The Odd Couple (Female Version)
by Neil Simon
Directed by Ken Aveline
The Windsor Jesters at L.P. Wilson Community Center in Windsor, CT through March 31
In the mid-1980s, Neil Simon took his smash hit 1965 stage comedy The Odd Couple and put it through the gender blender. The show had already begat a popular film version with Walter Matthau and Jack Lemmon and a long-running TV series with Jack Klugman and Tony Randall. Why not put the high heel on the other foot and make the two beleaguered divorcees women? The resulting Odd Couple (Female Version) ran on Broadway with Oscar Madison becoming Olive (played by Rita Moreno) and Felix Unger becoming Florence (played by Sally Struthers). Instead of swapping names and pronouns, Neil Simon essentially wrote a whole new play keeping the central conceit intact.
The Windsor Jesters have revived this version for their 51st season. Running only through March 31st, one should hustle down to Windsor’s L.P. Wilson Community Center for a fun, laugh-filled comedy of opposites not attracting. For two freshly-single women in their 40s or 50s, the stakes are raised (even if Oscar’s poker games have now been replaced with Trivial Pursuit game night). Although the play doesn’t grapple with the ageism inherent in the dating game, it is fun to see Olive and Florence tackle dating and each other.
Already separated, but still emotionally dependent on her money-sucking husband, Olive’s home has come to resemble her emotional shambles. She hosts gossip-filled game nights and eats out while sending checks to her cad of a former spouse. Enter Florence, a high-strung, needy clean-freak who has both hypochondria and a martyr complex. Naturally, the two will be at each other’s throats in no time.
Clearly, Simon has more fun playing with Florence’s neuroses as something that would get on anybody’s nerves. As a bit of a Florence/Felix myself, I was hoping to see more in the script about the downsides of living with an Oscar, which I have had in various roommates. I can see why my former roomies would want to strangle me, but turnabout is fair play! In this version, the loutishness of Oscar has been dialed down for Olive, who is more of a slob who likes sports. In general, Helen Aveline comes off as a lot more sympathetic than JoAnn DeWind’s Florence, which upsets the balance of the play.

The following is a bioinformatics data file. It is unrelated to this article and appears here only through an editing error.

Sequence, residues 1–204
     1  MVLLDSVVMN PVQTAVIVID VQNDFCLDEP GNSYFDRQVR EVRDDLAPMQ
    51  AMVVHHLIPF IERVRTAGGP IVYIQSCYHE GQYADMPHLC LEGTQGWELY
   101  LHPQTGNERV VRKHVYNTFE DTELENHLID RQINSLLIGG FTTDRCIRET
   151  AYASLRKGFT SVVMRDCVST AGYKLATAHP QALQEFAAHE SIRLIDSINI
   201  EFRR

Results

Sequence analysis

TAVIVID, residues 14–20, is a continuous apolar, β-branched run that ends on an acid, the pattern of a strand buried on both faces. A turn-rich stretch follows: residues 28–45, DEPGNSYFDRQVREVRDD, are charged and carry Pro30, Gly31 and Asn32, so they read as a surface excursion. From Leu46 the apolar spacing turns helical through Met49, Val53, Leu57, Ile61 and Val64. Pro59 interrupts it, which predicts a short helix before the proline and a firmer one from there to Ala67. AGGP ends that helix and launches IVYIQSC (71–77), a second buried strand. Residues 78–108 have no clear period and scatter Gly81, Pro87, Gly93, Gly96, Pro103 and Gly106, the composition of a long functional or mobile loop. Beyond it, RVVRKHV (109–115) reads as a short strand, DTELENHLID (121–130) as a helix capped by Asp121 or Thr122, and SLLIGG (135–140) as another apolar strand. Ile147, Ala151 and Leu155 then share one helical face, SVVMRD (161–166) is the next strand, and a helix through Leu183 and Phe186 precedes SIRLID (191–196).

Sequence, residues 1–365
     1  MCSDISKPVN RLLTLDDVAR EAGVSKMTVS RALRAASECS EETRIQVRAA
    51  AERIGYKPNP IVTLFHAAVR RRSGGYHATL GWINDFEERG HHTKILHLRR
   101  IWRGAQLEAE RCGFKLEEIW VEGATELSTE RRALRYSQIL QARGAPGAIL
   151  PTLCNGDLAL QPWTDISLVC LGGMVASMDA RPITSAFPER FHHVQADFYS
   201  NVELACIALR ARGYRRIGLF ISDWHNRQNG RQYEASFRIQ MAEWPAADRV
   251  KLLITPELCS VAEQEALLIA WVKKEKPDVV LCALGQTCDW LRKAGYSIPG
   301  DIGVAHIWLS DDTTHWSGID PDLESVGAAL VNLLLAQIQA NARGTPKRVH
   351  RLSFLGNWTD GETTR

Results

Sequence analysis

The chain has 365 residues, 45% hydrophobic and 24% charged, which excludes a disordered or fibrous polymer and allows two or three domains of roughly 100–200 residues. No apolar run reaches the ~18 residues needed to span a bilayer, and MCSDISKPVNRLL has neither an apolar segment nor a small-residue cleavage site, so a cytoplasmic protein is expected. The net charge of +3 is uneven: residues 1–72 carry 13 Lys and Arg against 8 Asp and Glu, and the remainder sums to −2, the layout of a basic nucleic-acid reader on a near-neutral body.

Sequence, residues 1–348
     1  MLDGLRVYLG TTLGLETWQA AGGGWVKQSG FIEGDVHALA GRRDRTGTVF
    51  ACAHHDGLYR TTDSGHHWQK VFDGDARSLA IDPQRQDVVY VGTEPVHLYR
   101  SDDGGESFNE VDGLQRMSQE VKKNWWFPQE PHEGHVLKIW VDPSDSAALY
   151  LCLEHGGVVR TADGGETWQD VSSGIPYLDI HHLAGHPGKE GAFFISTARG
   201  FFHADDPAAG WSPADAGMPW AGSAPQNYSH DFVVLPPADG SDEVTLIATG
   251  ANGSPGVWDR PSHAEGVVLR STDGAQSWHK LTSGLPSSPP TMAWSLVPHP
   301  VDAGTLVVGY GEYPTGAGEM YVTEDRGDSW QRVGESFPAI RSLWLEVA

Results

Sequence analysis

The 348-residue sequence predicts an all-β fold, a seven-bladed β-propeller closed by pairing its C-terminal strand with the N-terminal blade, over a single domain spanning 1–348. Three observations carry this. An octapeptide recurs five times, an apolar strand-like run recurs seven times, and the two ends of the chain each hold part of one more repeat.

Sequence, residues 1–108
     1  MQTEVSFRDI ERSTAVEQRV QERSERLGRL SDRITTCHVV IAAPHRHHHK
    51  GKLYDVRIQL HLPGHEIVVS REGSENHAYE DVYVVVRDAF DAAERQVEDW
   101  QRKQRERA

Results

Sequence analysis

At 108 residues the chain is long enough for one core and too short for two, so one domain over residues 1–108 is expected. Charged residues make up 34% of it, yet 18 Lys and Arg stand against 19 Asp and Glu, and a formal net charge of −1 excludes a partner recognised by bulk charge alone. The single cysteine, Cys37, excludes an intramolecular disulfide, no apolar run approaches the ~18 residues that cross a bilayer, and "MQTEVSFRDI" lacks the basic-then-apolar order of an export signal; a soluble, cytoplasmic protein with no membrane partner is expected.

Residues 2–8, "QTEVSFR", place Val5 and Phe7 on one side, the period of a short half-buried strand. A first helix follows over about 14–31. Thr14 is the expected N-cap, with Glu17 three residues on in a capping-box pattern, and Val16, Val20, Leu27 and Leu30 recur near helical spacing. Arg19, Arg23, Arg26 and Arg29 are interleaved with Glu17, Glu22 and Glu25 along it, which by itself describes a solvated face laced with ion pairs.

Both DeWind and Aveline have a marvelous time with their parts, solidly landing laughs and playing off the built-in frustrations we all have when living with a roommate or a spouse (or kids or a parent, for that matter). Although the inevitable blow-up that occurs late in the second act could be ratcheted up a notch or two, the pair keeps things fast and funny. When these two desperate housewives attempt a date with Manolo and Jesus Costazuela, the semi-suave Spaniards that live upstairs (replacing the British Pigeon Sisters from the original version), it is amusing to see DeWind unravel while Aveline attempts to tap into her inner cougar.
Played by Chris Bushey and Dennis Gomez, the Costazuela Brothers are the lone dashes of testosterone in this estrogen fest and they have an infectious time with their major scene in the second act. Simon stretches out the mispronunciation and misunderstandings between the romantic Spaniards and their American dates a little too long, but Bushey and Gomez are game and their hearty laughter Make Up For the scene’s shortcomings.
Bracketing the play are scenes where Olive and Florence’s buddies (biddies?) alight for their ritual games of Trivial Pursuit. Suzanne Robertson, Lorrie Bacon and Christen Feola all contribute their punchlines and quips as their roles require and have fun with their parts. Lisa Coleman Hasty is a riot as the squeaky Vera, their dim-witted friend who always seems to be a few steps behind.